With their aggressive renewables goal of one third of their electricity by 2020, California is aiming for 1.3 gigawatts of storage capacity in the same time frame.

California, whose green ambitions helped the solar and wind industries take root, is taking an essential next step by proposing a sharp rise in energy storage to better integrate renewable power with the rest of the grid.

Power from sun and wind fluctuates dramatically, so capturing it for later use makes the supply more predictable.

"We can't just rely on sunlight," Governor Jerry Brown told the Intersolar conference in San Francisco last month. "We've got to bottle the sunlight."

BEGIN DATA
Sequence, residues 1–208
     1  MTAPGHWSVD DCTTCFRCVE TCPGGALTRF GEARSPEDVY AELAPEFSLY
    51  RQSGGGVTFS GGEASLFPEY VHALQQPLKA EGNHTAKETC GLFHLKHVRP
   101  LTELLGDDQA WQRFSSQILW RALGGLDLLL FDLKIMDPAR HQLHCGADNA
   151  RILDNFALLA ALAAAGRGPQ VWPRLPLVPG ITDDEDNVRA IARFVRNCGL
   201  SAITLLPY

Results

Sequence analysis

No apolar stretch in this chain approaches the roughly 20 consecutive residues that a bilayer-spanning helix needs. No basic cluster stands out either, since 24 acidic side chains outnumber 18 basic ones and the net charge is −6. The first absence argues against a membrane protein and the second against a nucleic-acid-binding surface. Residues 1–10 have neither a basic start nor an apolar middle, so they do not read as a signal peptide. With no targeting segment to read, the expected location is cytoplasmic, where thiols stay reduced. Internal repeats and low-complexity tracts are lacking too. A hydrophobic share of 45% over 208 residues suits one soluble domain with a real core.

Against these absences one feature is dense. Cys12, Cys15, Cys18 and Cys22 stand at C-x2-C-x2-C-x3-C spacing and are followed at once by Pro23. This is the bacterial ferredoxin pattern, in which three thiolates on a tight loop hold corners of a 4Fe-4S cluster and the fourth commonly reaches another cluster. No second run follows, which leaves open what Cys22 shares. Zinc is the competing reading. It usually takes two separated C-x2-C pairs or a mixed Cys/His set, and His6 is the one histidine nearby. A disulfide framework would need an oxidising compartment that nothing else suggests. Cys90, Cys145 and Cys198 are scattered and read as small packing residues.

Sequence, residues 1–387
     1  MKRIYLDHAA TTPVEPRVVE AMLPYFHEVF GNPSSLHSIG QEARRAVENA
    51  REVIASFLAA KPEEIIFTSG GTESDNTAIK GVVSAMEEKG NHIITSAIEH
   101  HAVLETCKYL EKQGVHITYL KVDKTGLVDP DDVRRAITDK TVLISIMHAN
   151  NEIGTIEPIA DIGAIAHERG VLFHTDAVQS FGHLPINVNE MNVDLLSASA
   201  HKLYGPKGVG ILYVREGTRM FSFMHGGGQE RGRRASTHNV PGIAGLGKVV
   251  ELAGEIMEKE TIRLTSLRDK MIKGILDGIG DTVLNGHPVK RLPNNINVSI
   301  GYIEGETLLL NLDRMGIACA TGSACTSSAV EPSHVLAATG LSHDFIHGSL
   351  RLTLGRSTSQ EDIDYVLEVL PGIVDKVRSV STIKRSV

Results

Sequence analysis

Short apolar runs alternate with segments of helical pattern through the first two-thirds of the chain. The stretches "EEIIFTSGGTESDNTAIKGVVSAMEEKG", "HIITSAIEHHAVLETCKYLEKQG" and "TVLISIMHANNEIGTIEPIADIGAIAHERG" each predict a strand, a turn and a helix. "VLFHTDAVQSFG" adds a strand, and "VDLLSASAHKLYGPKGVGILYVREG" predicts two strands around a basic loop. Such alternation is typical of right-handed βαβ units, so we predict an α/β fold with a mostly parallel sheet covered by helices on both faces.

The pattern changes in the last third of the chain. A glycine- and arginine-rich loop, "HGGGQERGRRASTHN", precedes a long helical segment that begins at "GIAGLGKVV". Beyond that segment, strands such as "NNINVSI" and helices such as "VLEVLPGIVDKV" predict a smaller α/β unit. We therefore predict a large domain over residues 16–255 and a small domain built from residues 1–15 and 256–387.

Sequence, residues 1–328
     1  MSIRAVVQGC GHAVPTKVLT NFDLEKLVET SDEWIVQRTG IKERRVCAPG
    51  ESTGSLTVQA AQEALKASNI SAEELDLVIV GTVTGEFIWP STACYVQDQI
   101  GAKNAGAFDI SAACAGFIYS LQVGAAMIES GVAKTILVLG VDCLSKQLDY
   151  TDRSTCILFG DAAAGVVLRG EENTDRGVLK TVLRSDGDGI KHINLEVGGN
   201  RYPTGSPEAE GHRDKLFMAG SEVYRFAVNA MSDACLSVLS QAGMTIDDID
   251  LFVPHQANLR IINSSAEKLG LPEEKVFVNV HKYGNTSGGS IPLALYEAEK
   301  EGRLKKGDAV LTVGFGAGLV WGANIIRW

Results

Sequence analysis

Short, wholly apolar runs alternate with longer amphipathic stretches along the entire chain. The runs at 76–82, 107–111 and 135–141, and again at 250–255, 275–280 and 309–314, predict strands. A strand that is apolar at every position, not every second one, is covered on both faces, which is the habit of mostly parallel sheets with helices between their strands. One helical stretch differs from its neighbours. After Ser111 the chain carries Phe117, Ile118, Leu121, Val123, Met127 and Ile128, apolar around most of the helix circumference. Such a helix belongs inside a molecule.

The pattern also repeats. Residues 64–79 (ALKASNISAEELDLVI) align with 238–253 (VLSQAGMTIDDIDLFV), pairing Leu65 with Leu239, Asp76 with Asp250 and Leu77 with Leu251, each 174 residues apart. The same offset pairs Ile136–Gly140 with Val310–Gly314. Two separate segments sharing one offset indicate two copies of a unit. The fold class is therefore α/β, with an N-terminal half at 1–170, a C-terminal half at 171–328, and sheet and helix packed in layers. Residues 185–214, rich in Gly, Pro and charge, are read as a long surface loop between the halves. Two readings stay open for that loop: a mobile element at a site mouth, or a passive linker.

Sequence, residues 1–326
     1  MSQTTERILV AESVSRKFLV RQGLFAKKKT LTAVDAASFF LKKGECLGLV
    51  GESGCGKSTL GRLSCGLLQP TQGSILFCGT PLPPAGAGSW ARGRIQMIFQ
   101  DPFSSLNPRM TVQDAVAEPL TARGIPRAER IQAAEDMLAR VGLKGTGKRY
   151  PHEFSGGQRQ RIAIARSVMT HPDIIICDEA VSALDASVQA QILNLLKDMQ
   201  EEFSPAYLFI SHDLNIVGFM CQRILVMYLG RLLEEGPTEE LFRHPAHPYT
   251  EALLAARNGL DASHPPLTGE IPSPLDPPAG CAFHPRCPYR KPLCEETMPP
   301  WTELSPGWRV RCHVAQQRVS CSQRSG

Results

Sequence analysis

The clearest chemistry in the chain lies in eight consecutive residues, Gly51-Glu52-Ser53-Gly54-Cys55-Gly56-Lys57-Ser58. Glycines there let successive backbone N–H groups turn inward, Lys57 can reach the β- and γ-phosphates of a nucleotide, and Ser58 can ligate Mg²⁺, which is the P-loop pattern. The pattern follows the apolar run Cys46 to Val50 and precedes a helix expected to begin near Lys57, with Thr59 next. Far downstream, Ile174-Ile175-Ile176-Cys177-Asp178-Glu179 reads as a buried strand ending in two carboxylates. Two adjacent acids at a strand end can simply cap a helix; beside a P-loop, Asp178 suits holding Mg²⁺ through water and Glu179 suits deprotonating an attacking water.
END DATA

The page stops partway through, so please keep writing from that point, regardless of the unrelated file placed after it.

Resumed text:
The benefit of installing storages systems is being able to supply energy during peak hours without having to build more power plants to handle the extra load, saving customers money over time by not having to pay higher rates during those peak hours.

Even though adding storage capacity will involve a significant investment from utility rate-payers, utilities, and State and Federal funding, the advances in storage technology and the continued benefits and savings from a storage system make California’s goal worthwhile.

Read more at The Sydney Morning Herald.

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